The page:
Archive for July, 2009

Sour economy isn’t stopping many local entrepreneurs

Friday, July 31st, 2009
Carolina Tanguay of Raymond this week celebrated the opening of Lasting Impressions of Maine & Mainely Primitives, a Maine-made art and crafts store she runs on Route 302 in Windham along with her friend, Shirley Smith of Gorham. Tanguay said opening a new shop in a tough time should not be an obstacle to success. “We’re positive,” she said. “We see the bright side.” (Ben Bragdon photo)

By Ben Bragdon | Posted: Thursday, July 30, 2009 10:25 am | 0 comments

To Carolina Tanguay of Raymond, there are always reasons not to do something.

But those thoughts and attitudes, of a poor economy, of people with less spending money, of a summer shortened by bad weather, did not divert Tanguay, who this week opened a store specializing in Maine-made art and crafts on Route 302 in Windham. Confident in her business model, and in her dedication to do what it takes – paint walls, work long hours, network – to make her store successful.

“We’re positive,” said Tanguay, who with her friend Shirley Smith opened Lasting Impressions of Maine & Mainely Primitives. “We don’t see the dark side. We see the bright side.”

Tanguay and Smith are just two of the people who have bucked the negative notions of a sour economy and opened shop during what many people have called the worst business climate in decades. Many of the new business owners say they’ve had to take the economy into consideration when setting prices or deciding how to spend money. But there are opportunities as well, with low interest rates and rents, and the entrepreneurs feel they can weather the storm, and come out stronger on the other side.

“I think they are realistically looking ahead,” said Barbara Clark, executive director of the Sebago Lakes Region Chamber of Commerce. Ribbon cuttings, which the Chamber performs for new businesses, are up 25 percent over last year at this time, Clark said.

An established real estate agent and business owner who ran the Frye’s Leap General Store and Cafe on Frye Island for 17 years, Lois O’Connor had been running her real estate business, Sunset Lakes Real Estate, out of her home. But after adding a few new real estate agents to her company, she decided to branch out, poor economy or no. When opening her office last week, she felt she had to be prepared when the market returns to form.

“I had to have an office. With the economy down, I have to grow the business,” O’Connor said. “When the market comes back, I’ll be ready for it.”

When a spot opened up next to Chute’s Cafe, on Route 302 in Casco, the opportunity was too good to pass up. The popular eating establishment would be a draw, she figured.

“The key thing in business on Route 302 is to try to get the traffic to slow down,” O’Connor said.

This way of thinking, to grab opportunity when it comes, regardless of other circumstances, is common in a stagnant business climate, said Mark Delisle, director of the Maine Small Business Development Center, which provides assistance to small business owners and entrepreneurs.

“There are some folks that are really good at looking for opportunities, and every economy has some opportunities,” said Delisle. “A lot of these really big companies were started in down economies////ANY EXAMPLES?///.”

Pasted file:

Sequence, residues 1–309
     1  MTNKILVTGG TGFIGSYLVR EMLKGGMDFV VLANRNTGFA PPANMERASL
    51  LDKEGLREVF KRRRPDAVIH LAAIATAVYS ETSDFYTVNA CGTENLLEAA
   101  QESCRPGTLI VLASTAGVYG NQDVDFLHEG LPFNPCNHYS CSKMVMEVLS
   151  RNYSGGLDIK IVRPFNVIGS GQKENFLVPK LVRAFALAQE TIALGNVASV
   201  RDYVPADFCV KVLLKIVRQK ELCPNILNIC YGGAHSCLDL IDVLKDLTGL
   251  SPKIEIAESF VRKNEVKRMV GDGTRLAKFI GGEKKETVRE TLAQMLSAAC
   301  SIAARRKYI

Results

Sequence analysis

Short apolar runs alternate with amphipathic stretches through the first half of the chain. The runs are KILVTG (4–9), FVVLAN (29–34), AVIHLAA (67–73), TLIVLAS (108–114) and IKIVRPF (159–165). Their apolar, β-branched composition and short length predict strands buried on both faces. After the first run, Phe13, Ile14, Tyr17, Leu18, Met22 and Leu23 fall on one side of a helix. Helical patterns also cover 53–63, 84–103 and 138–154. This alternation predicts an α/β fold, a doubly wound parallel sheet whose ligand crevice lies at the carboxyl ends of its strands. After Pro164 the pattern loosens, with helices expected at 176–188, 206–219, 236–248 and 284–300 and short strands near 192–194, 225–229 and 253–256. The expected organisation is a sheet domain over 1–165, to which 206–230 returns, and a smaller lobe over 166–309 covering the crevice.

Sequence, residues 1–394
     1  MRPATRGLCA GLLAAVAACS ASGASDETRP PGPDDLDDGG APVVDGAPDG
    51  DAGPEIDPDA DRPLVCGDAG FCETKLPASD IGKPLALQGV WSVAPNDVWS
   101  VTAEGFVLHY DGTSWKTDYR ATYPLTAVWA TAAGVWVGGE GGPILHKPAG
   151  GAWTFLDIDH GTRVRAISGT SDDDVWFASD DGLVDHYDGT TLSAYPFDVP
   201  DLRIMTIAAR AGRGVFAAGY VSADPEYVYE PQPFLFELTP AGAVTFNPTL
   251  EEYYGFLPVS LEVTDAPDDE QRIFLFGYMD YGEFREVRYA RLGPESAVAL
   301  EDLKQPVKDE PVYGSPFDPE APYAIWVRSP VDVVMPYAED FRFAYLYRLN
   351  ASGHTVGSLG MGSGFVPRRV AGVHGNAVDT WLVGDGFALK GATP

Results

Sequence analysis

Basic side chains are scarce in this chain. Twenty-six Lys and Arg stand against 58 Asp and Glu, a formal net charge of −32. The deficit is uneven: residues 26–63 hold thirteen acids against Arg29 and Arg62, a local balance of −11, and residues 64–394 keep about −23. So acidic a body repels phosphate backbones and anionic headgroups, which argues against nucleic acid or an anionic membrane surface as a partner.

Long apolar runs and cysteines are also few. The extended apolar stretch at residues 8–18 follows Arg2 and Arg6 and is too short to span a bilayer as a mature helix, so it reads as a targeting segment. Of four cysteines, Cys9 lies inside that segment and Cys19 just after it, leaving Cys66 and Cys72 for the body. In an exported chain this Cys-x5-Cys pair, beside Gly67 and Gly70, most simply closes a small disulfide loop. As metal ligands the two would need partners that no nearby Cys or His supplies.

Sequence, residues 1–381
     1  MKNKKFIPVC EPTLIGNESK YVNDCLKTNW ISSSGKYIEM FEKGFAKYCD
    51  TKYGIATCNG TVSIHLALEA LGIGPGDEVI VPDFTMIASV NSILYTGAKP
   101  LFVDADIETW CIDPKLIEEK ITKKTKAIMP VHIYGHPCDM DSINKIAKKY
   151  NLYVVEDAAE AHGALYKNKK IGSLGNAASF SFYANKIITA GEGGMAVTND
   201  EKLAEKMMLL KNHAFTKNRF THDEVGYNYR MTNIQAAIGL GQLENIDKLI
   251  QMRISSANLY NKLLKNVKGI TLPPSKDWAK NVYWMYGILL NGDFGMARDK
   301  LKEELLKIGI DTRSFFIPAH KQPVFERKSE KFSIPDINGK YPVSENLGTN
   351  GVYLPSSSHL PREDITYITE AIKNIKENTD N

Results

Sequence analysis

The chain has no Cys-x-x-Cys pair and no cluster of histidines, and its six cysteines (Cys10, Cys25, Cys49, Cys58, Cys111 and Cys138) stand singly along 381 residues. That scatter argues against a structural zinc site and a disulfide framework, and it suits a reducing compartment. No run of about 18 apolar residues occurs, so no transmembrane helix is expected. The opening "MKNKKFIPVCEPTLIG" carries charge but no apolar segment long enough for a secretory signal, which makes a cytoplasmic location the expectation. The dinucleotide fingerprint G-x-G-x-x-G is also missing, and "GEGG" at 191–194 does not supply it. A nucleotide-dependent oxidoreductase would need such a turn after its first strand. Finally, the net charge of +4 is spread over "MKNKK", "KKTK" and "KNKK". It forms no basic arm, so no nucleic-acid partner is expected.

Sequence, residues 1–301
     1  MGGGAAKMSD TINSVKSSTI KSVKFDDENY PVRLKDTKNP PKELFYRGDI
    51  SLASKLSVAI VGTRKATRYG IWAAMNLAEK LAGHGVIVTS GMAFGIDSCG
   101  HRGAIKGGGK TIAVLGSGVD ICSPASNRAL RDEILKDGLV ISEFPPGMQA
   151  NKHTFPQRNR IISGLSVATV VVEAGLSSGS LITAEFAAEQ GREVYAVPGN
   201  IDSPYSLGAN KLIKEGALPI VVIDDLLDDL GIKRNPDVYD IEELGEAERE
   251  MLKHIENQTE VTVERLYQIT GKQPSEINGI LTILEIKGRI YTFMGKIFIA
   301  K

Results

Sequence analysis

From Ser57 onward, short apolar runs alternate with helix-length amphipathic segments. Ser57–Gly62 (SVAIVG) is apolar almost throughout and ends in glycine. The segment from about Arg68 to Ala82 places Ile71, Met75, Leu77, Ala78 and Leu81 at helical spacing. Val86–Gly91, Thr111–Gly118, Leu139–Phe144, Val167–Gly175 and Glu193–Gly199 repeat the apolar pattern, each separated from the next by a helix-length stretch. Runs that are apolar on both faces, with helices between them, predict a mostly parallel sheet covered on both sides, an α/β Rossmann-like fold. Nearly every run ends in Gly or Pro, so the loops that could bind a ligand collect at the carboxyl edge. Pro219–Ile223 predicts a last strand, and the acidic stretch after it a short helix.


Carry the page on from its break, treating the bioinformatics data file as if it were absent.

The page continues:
The key, he said, is for business owners to take into account the prevalent economic factors. Capital is likely to be more difficult to obtain. Only smaller loans may be available, and at less desirable terms. Cash flow may not be as high as expected.

“You do want to be really conservative in case your revenue is not as high over the next 16-24 months,” Delisle said.

In the end, what matters most to a fledging business does not change with the economy, he said.

“The fundamentals are the same,” he said. “You have a solid business plan. You have all the right things in your business plan.”

Tourists streaming up and down Route 302 this summer was part of the plan for Buddy Basso, who with his wife, Linda, opened Basso’s Italian Market on Route 302 in Windham six months ago.

But he didn’t envision a start to the summer season that included two weeks of rain, which kept people at home and hurt all tourism-based businesses.

Luckily, Basso’s, which offers a variety of imported Italian foods, plus prepared meals, pizza, sandwiches and wine, has steadily built a solid base of customers who live in the area.

In some ways, the state of the economy helped. The Bassos were able to buy new, rather than used, cooking equipment at low prices because other eateries had closed and needed to sell. They also took the economy into account when setting prices.

“We kept prices down,” said Basso. “We tried to keep things in line with what was going on.”

Basso’s also offers products that aren’t offered elsewhere in Windham. In fact, Basso said, he often spends his days explaining the various Italian meats and cheeses to customers.

“I think it’s the variety that helps,” he said.

It is close to the strategy employed by Tanguay and Smith, who will sell only Maine-made gifts, from small craft items to paintings and other works of art. Tanguay has now found the right spot, after being at two other locations in Windham, including next to C.N. Brown for the holiday season. And she thinks they have the right products.

“The thing is to find your niche,” said Tanguay, who before a hiatus ran a similar store in the Maine Mall. “We have all Maine products from all Maine people.”